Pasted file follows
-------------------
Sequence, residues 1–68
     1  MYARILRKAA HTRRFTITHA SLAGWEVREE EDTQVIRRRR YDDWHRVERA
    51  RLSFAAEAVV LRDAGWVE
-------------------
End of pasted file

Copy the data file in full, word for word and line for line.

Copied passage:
Sequence, residues 1–68
     1  MYARILRKAA HTRRFTITHA SLAGWEVREE EDTQVIRRRR YDDWHRVERA
    51  RLSFAAEAVV LRDAGWVE